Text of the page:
‘You seek Me, indeed,’ He once said to St. Margaret of Cortona, ‘but know that, however ardently you seek Me, I seek you more ardently still. And it is your fears that prevent your progress in Divine love.’ Tormented with scruples, but always submissive, St. Catherine of Bologna feared to approach the Holy Table. A sign from her confessor was enough. Immediately she vanquished her fears and calmly communicated. In order to encourage her to the constant practice of obedience in this matter, Our Lord appeared to her one day and said: ‘Rejoice, My daughter, because your obedience is very pleasing to Me.’ He likewise appeared to the Dominicaness, Blessed Stephanie of Soncino, and addressed these words to her: ‘Because you have placed your will in the hands of your confessor, as if in My Own: ask of Me whatever you please, and you shall have it.’ ‘Lord,’ she replied, ‘I want nothing but Thyself.’ At the beginning of his conversion, St. Ignatius of Loyola was so continually troubled with doubts and disquietudes that he could not enjoy a moment’s repose. But being a man of faith, full of confidence in the words of the Divine Master: ‘He that heareth you, heareth Me,’* he cried out: ‘Lord, show me the way I ought to follow. Although I should have only a dog to guide me, I promise to obey faithfully.’ And in fact he showed such obedience to his directors that he was soon freed from his scruples and became an admirable master of the spiritual life. . . . Once again I repeat: be obedient to your confessor in everything, have faith in obedience. ‘This,’ said St. Philip, ‘is the surest way to escape from the toils of the demon; as, on the other hand, there is nothing more dangerous than to desire to conduct oneself according to one’s own judgment.’ In all your prayers, implore this grace, the great grace of obedience, and be sure that in obeying you will infallibly save and sanctify yourself.”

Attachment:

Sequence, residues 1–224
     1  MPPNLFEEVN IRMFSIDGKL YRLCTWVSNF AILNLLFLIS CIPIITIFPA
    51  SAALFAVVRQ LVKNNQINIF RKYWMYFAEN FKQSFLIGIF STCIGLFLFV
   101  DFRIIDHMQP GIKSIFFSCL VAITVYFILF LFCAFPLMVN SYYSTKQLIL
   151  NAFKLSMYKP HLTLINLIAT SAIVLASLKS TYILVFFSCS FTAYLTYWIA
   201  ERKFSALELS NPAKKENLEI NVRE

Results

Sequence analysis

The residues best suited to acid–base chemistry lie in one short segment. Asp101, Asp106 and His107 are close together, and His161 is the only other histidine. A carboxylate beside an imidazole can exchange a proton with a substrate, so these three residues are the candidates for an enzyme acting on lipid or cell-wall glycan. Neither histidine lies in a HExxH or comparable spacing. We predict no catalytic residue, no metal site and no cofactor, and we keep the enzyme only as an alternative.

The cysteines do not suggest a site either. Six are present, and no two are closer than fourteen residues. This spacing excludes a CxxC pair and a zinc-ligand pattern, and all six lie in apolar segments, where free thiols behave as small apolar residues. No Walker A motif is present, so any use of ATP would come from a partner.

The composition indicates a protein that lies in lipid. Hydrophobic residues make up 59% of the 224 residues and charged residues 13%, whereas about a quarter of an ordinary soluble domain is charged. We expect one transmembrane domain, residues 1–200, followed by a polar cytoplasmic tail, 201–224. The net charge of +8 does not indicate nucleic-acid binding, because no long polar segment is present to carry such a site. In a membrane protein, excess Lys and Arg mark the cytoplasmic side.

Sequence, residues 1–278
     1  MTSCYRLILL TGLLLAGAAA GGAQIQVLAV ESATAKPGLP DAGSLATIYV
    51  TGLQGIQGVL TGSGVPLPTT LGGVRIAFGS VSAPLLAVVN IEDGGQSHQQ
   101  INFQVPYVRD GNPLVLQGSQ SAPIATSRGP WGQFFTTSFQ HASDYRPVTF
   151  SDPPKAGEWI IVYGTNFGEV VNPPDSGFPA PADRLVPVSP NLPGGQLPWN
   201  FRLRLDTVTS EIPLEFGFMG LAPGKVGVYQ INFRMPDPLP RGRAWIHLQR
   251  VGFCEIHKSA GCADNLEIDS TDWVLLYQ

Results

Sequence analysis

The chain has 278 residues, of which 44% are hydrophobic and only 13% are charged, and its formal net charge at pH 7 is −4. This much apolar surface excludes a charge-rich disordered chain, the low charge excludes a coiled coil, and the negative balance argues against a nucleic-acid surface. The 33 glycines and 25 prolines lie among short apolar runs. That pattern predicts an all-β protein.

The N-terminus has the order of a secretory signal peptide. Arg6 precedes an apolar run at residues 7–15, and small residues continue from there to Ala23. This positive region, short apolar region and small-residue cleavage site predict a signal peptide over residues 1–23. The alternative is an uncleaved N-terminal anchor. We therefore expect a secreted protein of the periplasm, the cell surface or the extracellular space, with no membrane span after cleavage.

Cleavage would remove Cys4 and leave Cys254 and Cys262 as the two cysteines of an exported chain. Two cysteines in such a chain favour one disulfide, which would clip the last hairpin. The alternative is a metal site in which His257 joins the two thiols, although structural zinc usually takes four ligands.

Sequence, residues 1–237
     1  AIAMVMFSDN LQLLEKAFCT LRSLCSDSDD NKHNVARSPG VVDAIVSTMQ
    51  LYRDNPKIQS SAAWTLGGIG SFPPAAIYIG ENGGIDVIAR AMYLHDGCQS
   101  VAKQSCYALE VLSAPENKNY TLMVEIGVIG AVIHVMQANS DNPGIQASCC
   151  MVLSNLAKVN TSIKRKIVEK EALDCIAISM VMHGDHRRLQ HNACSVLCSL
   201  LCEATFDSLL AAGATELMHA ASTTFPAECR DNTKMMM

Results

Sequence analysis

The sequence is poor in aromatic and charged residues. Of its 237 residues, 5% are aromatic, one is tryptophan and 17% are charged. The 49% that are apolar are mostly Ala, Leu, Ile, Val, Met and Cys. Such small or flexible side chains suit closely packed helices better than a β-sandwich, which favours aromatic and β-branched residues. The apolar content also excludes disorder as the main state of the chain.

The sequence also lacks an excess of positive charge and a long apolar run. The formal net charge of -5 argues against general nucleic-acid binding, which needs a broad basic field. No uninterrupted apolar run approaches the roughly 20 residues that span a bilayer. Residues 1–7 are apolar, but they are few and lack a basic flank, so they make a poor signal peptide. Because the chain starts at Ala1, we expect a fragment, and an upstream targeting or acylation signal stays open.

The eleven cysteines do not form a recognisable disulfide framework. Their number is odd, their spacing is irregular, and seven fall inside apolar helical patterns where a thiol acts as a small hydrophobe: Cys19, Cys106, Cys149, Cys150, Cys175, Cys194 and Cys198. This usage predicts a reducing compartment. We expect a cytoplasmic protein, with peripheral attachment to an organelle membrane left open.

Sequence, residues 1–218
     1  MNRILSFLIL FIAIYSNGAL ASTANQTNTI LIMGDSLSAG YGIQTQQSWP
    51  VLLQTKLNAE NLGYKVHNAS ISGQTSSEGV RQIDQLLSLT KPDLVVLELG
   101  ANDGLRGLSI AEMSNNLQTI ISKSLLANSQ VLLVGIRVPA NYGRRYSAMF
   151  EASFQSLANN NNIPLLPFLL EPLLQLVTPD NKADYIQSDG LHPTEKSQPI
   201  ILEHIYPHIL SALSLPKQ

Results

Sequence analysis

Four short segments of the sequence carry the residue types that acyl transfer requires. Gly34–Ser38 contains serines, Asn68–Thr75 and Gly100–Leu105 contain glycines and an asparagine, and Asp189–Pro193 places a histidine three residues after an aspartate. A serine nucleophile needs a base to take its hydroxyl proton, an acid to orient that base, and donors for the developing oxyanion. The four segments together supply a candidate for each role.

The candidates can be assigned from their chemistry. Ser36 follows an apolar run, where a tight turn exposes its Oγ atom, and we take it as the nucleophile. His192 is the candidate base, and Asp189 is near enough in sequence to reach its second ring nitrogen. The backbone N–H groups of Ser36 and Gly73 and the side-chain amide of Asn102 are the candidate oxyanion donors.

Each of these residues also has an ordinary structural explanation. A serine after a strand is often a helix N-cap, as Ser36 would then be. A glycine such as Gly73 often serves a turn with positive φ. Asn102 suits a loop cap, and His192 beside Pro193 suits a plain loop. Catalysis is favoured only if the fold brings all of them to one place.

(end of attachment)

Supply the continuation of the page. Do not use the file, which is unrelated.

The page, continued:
* St. Francis de Sales and St. Faustina remind us that God is very pleased with those who place their trust in their confessor; God rewards our humble faith and obedience with spiritual insights that He will communicate to us through the priest. In the Old Testament, God spoke to Balaam through an ass (Numbers 22:28); how much more, then, can we hope for God to speak to us through the mouth of one of his ministers! 

Our Lord Weeps More for Sinners Than for His Own Passion and Death.

Our Lord revealed to Bl. Dina Belanger that if all religious souls would let Him act through them as He desires, all would be saved!

Jesus has an insatiable desire for our love.

But our love is merely a participation in God’s love.

It follows, then, that God desires to love us first, so that we may love Him!

Banish from your heart and mind any illusion that you can earn God’s love, or that you have nothing to offer Him – perhaps on account of your past sinfulness. This is surely a temptation. Whenever God asks for love, He first offers us His love! He redeemed even the most wretched sinners, because He desires our happiness. “The greatest gift you can make Me is to receive Me,” said Our Lord to Sr. Mary of the Trinity.

With such unspeakable love in mind, let us reflect on the touching words of Jesus to Bl. Battista Varani: